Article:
According to Elves developer James Holton, who recently received his Ph.D. from the University of California, Berkeley, researchers can unleash Elves on a set of X-ray diffraction data and go on to other things - or take a nap - while the computer does the hard work and spits out a protein structure. "This is the first time anyone has reported a computer generating a protein structure by itself," he said.
"By automating X-ray crystallography, Elves dramatically speeds the process and reduces errors," added Thomas Alber, professor of molecular and cell biology at UC Berkeley. "In a recent record case, James used it to solve a new structure in 19 minutes, which is fast compared to a typical time of days to weeks."
Holton and Alber present details of Elves in a paper to be published this week in the Online Early Edition of Proceedings of the National Academy of Sciences. Alber is a member of the California Institute for Quantitative Biomedical Research (QB3), a cooperative effort among UC Berkeley, UC San Francisco and UC Santa Cruz to leverage strengths in the physical and biological sciences and engineering to improve human health and the environment.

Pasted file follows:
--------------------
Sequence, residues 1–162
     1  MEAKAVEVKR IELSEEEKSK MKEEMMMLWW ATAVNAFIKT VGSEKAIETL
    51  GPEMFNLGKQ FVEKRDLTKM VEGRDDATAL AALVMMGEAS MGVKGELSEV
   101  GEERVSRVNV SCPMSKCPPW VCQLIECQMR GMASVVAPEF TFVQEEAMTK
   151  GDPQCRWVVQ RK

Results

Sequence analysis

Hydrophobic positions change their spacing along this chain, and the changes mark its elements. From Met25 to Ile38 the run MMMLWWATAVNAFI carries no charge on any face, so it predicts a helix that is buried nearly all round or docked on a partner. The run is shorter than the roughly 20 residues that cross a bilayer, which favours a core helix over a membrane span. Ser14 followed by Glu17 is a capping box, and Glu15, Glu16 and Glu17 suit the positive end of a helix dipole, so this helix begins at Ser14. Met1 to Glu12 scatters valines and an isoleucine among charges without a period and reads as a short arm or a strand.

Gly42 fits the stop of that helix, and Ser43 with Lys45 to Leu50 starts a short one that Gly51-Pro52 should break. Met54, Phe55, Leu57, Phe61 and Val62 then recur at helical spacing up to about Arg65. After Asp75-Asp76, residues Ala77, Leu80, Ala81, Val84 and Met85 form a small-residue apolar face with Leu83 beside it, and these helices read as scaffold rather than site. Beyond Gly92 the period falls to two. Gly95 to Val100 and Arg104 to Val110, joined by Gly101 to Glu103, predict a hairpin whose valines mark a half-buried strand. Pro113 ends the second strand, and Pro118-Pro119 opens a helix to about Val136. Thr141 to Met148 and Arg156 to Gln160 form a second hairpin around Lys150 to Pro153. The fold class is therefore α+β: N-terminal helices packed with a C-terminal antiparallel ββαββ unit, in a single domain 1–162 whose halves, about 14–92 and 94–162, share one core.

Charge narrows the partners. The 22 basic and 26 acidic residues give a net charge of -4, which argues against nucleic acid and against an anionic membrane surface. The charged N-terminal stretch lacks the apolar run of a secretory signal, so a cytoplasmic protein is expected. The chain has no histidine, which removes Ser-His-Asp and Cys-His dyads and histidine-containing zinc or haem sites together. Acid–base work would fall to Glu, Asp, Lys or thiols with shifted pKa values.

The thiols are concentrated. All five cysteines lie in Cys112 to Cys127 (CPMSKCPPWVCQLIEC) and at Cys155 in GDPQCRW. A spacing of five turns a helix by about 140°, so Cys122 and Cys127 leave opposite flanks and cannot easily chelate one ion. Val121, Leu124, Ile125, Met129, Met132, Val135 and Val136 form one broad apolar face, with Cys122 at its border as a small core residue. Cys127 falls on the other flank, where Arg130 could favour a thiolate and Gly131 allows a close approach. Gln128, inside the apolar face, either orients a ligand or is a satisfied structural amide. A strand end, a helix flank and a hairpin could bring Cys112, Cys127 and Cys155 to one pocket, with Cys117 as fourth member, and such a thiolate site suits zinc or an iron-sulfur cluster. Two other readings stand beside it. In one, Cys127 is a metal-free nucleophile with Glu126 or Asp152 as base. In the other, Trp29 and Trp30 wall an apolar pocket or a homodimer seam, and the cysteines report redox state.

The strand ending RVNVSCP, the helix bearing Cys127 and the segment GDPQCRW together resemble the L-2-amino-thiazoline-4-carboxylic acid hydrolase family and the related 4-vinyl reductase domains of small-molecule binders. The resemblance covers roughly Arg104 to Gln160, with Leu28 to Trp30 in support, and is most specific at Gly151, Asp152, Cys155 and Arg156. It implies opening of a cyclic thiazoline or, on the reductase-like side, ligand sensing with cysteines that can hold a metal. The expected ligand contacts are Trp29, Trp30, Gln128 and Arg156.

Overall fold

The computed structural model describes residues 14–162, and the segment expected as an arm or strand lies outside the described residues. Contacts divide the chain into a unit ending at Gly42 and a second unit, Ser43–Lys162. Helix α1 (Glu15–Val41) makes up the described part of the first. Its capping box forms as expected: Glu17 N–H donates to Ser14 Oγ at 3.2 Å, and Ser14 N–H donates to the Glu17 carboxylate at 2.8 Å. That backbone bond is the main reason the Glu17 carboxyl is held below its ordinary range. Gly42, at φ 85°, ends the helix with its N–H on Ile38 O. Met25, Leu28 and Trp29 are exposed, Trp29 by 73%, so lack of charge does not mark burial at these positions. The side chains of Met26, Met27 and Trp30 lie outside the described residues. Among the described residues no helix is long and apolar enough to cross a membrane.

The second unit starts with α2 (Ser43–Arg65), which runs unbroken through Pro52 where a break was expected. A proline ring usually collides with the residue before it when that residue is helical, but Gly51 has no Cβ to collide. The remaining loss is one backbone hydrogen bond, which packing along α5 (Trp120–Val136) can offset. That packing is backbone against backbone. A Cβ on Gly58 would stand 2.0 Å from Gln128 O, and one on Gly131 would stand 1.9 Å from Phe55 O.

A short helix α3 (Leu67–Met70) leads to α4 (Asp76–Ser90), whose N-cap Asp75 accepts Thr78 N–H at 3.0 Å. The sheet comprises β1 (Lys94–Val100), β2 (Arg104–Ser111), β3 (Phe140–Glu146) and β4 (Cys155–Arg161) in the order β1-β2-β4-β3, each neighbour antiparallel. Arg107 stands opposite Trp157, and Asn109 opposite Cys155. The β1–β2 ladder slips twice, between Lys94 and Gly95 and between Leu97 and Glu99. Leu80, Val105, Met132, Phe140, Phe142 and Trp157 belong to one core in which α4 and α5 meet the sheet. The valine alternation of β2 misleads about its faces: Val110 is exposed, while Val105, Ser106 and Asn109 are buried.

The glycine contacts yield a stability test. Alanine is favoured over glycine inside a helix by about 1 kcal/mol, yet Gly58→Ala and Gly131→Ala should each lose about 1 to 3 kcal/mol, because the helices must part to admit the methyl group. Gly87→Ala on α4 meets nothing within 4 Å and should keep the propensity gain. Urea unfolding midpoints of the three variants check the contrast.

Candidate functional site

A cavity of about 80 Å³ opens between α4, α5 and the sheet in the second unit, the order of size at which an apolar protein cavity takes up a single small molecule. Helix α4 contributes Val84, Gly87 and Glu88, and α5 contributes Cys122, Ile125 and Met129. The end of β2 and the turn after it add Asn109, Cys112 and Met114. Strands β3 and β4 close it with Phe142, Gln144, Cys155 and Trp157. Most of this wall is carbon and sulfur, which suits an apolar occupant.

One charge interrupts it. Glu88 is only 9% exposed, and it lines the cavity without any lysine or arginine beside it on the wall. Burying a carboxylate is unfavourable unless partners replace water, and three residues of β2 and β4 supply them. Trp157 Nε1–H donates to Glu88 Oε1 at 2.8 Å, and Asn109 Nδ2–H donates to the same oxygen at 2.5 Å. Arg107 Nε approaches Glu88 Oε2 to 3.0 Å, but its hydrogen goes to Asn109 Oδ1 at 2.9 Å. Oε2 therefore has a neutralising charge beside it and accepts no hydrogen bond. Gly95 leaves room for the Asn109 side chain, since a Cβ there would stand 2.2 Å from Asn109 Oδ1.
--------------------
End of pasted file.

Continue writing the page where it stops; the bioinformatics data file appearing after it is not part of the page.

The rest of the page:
Structural information about proteins is critical to understanding how proteins work, and, for drug developers, how to design drugs. Facilities like the Advanced Light Source at Lawrence Berkeley National Laboratory (LBNL) make it easy and quick to obtain X-ray diffraction pictures of protein crystals.
But converting hundreds of X-ray diffraction images - each a 37 megapixel digital photo consisting of a pattern of bright spots - into a three-dimensional layout of a protein requires tweaking and twiddling programs w
Contact: Robert Sanders
University of California - Berkeley